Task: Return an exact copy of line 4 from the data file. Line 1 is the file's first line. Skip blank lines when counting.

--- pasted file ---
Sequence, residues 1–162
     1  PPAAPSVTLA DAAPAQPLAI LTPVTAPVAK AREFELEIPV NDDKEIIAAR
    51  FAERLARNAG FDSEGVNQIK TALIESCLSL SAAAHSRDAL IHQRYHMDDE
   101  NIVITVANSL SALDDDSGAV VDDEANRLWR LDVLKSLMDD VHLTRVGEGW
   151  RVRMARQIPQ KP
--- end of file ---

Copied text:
   101  NIVITVANSL SALDDDSGAV VDDEANRLWR LDVLKSLMDD VHLTRVGEGW